The statement is a change towards the determination of students able. However, its identification is still a big issue. Keeping marketing, and politics of grade inflation aside from a higher education institute;  having authorities of examination for every important course related to higher education can help to generalize grading criteria. This system would eradicate the concept of faculty evaluation and budget crises since the grading criteria are unbiased with no privilege for a faculty member to set up exams or inflate with grades to save his/her position. This system would even motivate students for understanding the content because their examination would be set up and checked by standardized authorities, leaving no chance for easy grades, replica exams, and cheatings resulting student’s actual academic grades.

REFERENCE WORK:

  • Abbott, William M. “The Politics of Grade Inflation: A Case Study.” Chadwick Alger | Activity – School for Conflict Analysis and Resolution, Bedford/St. Martin Macmillan, 1 Feb. 2008, activity.scar.gmu.edu/articles/politics-of-grade-inflation-case-study.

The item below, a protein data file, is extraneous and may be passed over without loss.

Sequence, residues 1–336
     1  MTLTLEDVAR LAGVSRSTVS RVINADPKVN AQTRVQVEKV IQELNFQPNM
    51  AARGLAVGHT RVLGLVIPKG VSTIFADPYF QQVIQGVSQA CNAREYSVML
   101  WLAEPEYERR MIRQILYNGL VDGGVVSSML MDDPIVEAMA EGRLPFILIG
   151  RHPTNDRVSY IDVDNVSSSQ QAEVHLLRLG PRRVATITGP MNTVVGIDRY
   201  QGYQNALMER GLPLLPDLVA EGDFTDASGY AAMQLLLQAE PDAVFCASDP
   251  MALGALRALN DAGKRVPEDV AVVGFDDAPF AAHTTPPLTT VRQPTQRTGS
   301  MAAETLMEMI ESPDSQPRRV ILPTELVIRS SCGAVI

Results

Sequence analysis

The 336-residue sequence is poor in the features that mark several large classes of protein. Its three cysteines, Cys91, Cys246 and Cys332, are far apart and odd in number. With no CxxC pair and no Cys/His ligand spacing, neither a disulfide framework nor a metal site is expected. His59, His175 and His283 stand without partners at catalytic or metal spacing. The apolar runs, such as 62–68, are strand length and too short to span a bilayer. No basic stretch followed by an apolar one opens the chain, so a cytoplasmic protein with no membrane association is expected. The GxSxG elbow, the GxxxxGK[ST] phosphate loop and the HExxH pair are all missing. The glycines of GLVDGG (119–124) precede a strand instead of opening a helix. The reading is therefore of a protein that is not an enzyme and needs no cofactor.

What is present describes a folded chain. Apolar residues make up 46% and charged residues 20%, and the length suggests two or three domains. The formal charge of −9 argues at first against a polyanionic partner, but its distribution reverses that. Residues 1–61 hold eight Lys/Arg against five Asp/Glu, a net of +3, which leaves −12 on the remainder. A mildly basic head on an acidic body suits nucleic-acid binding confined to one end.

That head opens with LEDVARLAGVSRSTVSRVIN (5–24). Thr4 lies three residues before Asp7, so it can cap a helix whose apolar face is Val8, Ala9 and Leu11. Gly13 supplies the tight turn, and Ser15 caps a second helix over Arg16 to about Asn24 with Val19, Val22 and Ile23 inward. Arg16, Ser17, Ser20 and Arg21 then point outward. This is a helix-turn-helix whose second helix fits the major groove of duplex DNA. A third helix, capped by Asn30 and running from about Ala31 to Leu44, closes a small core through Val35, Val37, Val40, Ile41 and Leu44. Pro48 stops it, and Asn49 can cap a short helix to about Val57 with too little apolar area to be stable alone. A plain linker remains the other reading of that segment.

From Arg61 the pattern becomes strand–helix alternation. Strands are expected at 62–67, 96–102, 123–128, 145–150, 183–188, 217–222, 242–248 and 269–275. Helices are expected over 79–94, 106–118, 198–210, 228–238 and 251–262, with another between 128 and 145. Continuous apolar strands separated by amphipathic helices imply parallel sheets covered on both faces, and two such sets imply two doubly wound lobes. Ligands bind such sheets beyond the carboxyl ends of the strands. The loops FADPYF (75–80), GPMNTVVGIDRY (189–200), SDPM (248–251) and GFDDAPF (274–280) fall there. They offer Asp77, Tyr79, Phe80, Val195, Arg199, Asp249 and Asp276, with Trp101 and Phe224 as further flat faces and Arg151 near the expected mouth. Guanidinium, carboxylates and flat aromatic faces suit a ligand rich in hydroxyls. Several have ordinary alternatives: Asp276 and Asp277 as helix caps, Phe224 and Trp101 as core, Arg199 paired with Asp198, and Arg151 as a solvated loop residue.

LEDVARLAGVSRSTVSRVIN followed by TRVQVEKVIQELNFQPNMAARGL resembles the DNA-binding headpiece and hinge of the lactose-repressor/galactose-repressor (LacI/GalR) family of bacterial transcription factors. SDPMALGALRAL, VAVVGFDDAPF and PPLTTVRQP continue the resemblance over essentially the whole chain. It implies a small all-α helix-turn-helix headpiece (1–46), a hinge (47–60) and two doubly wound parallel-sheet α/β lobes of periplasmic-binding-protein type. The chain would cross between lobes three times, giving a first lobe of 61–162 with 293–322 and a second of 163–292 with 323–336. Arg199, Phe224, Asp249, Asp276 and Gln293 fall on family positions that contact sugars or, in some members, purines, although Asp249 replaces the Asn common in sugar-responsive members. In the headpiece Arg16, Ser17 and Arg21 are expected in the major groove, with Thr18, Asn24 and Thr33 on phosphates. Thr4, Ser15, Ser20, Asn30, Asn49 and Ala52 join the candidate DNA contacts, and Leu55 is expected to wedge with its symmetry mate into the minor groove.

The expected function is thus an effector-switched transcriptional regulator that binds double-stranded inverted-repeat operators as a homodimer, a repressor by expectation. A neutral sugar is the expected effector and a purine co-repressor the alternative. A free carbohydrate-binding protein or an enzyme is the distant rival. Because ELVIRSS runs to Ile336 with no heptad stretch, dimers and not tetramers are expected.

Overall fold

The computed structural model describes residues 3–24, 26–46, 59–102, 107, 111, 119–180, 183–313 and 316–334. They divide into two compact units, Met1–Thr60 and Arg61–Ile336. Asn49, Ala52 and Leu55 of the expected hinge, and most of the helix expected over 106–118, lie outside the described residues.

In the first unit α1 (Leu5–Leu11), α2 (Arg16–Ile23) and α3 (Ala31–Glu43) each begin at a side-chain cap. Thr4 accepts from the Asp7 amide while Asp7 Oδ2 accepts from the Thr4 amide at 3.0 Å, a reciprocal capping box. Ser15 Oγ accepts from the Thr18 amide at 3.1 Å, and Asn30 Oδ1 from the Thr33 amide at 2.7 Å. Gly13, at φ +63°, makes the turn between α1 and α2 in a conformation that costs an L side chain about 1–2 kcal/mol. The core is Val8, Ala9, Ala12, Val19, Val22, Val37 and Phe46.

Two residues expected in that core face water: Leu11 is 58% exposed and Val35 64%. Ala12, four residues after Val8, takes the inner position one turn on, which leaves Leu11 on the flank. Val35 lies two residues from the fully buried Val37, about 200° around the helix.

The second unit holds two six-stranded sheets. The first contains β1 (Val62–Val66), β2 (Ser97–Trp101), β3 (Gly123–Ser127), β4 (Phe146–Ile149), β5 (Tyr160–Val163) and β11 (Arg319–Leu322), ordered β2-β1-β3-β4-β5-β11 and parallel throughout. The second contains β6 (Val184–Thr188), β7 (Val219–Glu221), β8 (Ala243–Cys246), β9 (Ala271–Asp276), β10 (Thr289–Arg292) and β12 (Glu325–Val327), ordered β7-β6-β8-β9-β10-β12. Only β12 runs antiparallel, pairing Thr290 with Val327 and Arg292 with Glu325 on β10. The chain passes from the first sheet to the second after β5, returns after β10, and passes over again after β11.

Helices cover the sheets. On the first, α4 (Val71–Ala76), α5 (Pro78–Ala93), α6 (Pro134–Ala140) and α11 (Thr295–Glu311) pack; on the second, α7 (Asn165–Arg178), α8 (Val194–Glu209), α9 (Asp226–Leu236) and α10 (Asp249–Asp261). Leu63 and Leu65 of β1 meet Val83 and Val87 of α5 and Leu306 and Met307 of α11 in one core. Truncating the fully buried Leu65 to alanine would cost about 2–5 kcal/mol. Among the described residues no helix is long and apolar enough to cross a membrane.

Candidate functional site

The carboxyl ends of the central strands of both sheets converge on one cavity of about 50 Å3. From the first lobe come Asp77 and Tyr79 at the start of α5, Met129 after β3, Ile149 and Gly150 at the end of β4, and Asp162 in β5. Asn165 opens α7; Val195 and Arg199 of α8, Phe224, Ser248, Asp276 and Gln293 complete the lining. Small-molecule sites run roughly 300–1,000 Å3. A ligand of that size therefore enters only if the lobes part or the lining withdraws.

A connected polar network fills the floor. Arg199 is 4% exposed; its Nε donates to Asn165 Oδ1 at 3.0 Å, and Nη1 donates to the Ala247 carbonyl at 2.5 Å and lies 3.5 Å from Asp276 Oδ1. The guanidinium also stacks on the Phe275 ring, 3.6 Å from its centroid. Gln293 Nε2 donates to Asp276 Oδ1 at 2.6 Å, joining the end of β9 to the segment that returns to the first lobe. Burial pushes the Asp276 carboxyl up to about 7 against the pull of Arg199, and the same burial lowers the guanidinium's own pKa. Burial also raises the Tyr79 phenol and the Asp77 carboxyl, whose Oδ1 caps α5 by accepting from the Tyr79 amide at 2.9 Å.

• Adams, Jeffrey B. “What Makes the Grade? Faculty and Student Perceptions.” Teaching of Psychology, vol. 32, no. 1, Jan. 2005, pp. 21–24, doi:10.1207/s15328023top3201_5.
  • Beaver, W. (1997). Declining college standards: It’s not the courses, it’s the grades. The College Board Review, 181, 2-7.
  • Edwards, C. H. (2000). Grade inflation: The effects on educational quality and personal well being. Education, 120(3), 538 http://search.ebscohost.com/login.aspx?direct=true&db=a9h&AN=2990143&site=ehost-live
  • Gaultney, Jane F., and Arnie Cann. “Grade Expectations.” Teaching of Psychology, vol. 28, no. 2, Apr. 2001, pp. 84–87, doi:10.1207/S15328023TOP2802_01.
  • Goulden NR and Griffin CJG (1997) Comparison of university faculty and student beliefs about the meaning of grades. Journal of Research and Development in Education 31(1): 27–37.